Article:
It’s a challenge to look back at the conclusion of my time at Launde from the midst of a busy life. It’s not that I’ve forgotten what I learned, but the lessons aren’t as easy to put into practise when there are many other things to do.
But that’s alright, of course. When Jesus spoke to Martha about being ‘worried and distracted by many things’ he didn’t actually tell her to take her apron off and sit down next to her sister. He just told her she wasn’t to complain about Mary sitting at his feet with the men (unheard of for a woman at the time, by the way) or demand she come back into the kitchen to help. To choose to sit and listen to Jesus is the better choice to make, but Martha with her responsibilities as head of the household would undoubtedly have found it too hard to sit still at that particular moment – and no-one would have got any lunch!
There are times and places for things, choices to make, and my final day was only able to happen because of the journey of the days beforehand and the silence and solitude of the setting – basically the choice I’d made to spend the whole week on retreat, facing the truth about myself and God. However, even from this distance – a whole month later as I write, but seems much longer! – I can still glimpse the precious pearl that I discovered and I don’t have to go through the process again to be able to grasp the treasure in the present moment: it is available right now if I choose it. Are you intrigued? 😉
This is the view from my window in the Hermitage. Well… it’s what was outside the window with a frame added as a reminder that the world goes on even when we can’t see it… Yes, I actually did some painting!
But that wasn’t the treasure, and nor was walking across the fields, enjoying the Abbey grounds, taking happy photos of trees and sheep, swinging like a child under the cedar tree (on the swing that hangs there!), walking the labyrinth as a representation of my life’s journey so far and a prayer for what is to come. All these things were helpful and markers on the way, along with the heart-searching and self-examination scribbled in my journal. To face up to the failures and shame I’ve carried and the grief that doesn’t go away, yet realise once more that God knows, accepts and embraces me along with all that – and that I can actually forgive and accept myself too! – was major.
But it was this poem by Anne Lewin that gave me the key I needed:
To see a kingfisher – be there and wait. Be still. To pray – be there and wait. Be still. ‘Seeing or not seeing ceases to matter, you have been prepared’. Suddenly I got it. The silence and solitude were actually guides into what I really needed, which was stillness
It all makes sense now. It’s so simple. BE. STILL. and KNOW. and BE KNOWN. I AM GOD is here now. Sit still and wait. That’s all. So many words of advice, of prayer. So much desire – but all already known. As is so often said, Jesus is the Word of God, he doesn’t have a problem communicating with us! “My sheep hear my voice, and I know them and they follow me” John 10:27. The important thing is to listen – to be available – to make time ie to be still. Everything else flows from this.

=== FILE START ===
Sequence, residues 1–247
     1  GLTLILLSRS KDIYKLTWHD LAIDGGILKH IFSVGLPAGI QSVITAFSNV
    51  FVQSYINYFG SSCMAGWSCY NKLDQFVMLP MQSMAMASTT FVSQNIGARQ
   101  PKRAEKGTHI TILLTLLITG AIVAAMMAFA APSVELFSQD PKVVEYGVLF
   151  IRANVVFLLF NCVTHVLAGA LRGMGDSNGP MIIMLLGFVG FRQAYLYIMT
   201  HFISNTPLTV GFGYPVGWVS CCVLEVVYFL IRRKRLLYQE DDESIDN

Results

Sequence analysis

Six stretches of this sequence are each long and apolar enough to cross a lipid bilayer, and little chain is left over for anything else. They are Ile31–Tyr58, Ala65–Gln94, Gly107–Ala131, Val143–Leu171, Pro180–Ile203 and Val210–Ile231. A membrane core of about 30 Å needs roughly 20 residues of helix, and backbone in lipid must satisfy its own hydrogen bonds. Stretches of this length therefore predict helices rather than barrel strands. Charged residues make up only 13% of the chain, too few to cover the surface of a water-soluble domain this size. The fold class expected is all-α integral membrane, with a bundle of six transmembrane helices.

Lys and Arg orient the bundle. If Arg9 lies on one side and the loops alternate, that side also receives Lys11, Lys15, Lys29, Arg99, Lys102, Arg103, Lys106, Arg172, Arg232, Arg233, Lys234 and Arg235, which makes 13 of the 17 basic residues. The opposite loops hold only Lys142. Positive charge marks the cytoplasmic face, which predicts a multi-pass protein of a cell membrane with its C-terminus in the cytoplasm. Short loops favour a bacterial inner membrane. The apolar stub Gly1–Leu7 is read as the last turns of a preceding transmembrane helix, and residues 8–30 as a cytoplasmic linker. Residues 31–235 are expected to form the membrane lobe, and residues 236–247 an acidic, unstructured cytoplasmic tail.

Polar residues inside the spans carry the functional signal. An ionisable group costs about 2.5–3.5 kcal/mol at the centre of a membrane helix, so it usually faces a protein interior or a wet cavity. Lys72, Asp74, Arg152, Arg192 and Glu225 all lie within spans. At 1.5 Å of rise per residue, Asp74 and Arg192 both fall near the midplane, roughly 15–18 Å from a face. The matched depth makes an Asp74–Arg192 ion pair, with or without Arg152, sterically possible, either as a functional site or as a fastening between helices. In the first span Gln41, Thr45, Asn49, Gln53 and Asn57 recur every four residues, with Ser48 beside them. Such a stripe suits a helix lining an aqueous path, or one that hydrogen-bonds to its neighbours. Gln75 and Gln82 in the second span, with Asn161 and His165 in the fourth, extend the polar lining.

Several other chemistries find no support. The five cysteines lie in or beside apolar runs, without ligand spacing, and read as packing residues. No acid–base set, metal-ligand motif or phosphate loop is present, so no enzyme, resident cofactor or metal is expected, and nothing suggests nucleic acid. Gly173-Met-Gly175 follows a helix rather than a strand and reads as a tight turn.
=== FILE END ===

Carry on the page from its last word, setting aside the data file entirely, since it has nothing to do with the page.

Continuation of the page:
Well – that’s it! The only thing you or I can do now is go away and practise this kind of prayer – however and whenever we can. As I sat still, just breathing – actually with my eyes closed rather than watching the sheep outside – I was overcome with peace. I was back to the Kafka quote in part 2 of this series and filled with gratitude. Or to quote another author one doesn’t usually associate with spirituality…
Stillness is the pearl of great price that I found – a way to wait on God, to listen and commune without words. It came at the right time, bringing wellbeing and rest after the rawness of my inner journey. But I know that because of the depth and vulnerability of the preceding days the precious seed was able to root very deeply in me and will surely produce much fruit in the days ahead.
So as a final conclusion to these 5 posts, here’s a quote from a random book I read recently, I Saw a Man by Owen Shears. It’s about a little girl who dies in an accident and describes the progress the bereaved mother is able to make as the years go by:
“She was a woman shaped by her loss, but not defined by it. A woman who would still extract joy from life, not despite her grief, but because of it”
And that’s where I hope I’m headed, strengthened by all the grace and peace with which I’ve been blessed and these new insights and tools for my spiritual journey. With thanks to God, Glen and Launde Abbey!